December dawns and the rubber hits the road on a truckload of festive traditions. Granted, the supermarkets were peddling tubs of Quality Street, mince pies and glitter-spangled bottles of gin as soon as the cordite flashes from the fifth-of-November fireworks signalled the start of the long slide towards Christmas.
But the seasonal juggernaut really hits its stride when the first door on the Lego advent calendar is opened. From then on, it’s pretty much open season on turkey, cranberry and stuffing sandwiches, sprouts-as-an-obligatory-side, and hot chocolate adulterated with liqueurs that most of us wouldn’t give the time of day at any other time of the year (we’re looking at you, Baileys).
A warming wet to your whistle
As the days get shorter and colder, it’s perhaps logical that our approach to drinks leans more heavily into sweeter, heavier and spicier notes. Also, with party season firmly underway, hot wine-based drinks have become a seasonal staple for good reason – because they are tailor-made to be ladled from a large bowl and make the perfect table centrepiece.
The roots of this tradition are older than you might imagine, though. In fact, it’s possible to trace ‘mulled’ wines like Germany’s Glühwein to their Roman origins: the basic blend of red wine, together with warming spices, citrus fruits and sugar followed the advance of the Roman Empire across Europe and beyond.
By the eighteenth century, the English had developed their own take on mulled wine (of course they had), satirically known as ‘the ecclesiastics’. Charles Dickens* references this tradition in A Christmas Carol, when a reformed Scrooge invites his hapless employee, Bob Cratchit, to discuss his plans for a slightly less tragedy-filled future over a ‘bowl of Smoking Bishop’, a robust concoction of port, bitter oranges, sugar, cinnamon and cloves.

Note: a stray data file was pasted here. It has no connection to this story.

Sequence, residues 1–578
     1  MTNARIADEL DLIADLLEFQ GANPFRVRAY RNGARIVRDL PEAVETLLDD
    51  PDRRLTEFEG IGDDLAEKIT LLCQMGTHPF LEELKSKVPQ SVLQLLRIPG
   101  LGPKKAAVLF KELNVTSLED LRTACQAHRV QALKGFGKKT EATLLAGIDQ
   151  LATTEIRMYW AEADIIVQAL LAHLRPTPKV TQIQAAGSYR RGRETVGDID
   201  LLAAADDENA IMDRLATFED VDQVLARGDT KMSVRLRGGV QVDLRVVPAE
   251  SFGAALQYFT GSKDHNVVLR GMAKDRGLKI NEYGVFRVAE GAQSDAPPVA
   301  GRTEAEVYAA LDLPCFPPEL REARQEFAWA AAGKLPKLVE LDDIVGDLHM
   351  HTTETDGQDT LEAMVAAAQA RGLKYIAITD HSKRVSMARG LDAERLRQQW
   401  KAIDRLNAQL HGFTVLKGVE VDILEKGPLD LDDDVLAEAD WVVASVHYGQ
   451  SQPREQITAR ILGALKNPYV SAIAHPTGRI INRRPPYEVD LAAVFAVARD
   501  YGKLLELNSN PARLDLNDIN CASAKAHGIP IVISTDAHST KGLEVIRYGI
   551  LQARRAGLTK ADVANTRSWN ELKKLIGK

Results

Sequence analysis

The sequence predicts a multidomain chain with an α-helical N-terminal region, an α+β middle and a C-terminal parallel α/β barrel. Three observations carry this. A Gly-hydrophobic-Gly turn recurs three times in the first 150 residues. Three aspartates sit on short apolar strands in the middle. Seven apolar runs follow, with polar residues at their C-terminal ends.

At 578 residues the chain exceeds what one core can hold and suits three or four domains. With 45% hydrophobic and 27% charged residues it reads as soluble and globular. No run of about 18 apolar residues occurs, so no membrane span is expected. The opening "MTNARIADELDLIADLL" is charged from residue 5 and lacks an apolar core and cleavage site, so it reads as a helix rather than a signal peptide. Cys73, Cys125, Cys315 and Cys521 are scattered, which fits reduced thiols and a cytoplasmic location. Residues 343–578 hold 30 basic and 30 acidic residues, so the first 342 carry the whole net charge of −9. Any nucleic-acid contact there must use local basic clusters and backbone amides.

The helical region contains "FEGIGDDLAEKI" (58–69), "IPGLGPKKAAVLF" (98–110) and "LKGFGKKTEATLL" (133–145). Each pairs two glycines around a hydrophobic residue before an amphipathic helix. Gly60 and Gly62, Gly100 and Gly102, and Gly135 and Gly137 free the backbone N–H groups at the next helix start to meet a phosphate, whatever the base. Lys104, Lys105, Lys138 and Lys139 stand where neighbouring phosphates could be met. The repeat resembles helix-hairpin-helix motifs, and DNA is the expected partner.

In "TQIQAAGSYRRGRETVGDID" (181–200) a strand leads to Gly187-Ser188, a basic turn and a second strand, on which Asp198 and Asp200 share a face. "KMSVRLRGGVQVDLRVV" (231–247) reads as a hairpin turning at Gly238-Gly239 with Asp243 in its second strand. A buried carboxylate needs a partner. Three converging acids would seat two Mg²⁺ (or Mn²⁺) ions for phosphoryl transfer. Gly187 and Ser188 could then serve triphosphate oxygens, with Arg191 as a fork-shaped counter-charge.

The single-serving equivalent of hot punch is, of course, the toddy. According to US author and renowned punch expert David Wondrich, the earliest published toddy recipe dates from 1801, though it was a fairly loose term coined to describe any spirit mixed with sugar and boiling water. Today, toddies are usually made with whisky and maybe a little lemon, although rum is the spirit of choice in central European countries like Switzerland, and Austria.
Variety is the spice of life
While a warming cup of mulled wine might still be a treat at a street fair, hot spirit drinks have generally fallen out of fashion in favour of more contemporary spiced cocktails.
Ginger is a genius ingredient for adding fragrant heat to a winter cocktail. If you have a couple of bottles of premium ginger beer to hand, you’ll be able to turn out more than a few classics, including a Moscow Mule (vodka, lime and ginger beer), a Dark and Stormy (swap the vodka for rum) and a Foghorn (ditto, gin). Alternatively, you can use ginger liqueur/ginger bitters to add a spicy twist to classic cocktails – pair with vermouth in a Martini, swap for orange liqueur in a Margarita or add to Bourbon for a seasonal take on an Old Fashioned.
If you haven’t got ginger liqueur, fresh ginger infused in a simple sugar syrup is a great way to pep up mixers. Ginger partners wonderfully well with any spirit, though rum and vodka probably make the most harmonious marriages.
At Edmunds, we’ve taken festive spicing to the next level by blending Sapling Vodka, FAIR Café liqueur and cold brew espresso with a tempting trio of syrups – vanilla, sugar and gingerbread – to make a limited edition treat: Gingerbread Espresso Martini. Simply shake with ice, strain into a martini or coupe glass and serve with friends and your favourite Christmas movie**.
*Apparently, Dickens was an enthusiastic consumer of mulled wine and punch, and even invented his own brandy/rum recipe which was designed to be set alight before being served.
**You do know that Die Hard isn’t actually a Christmas film, right?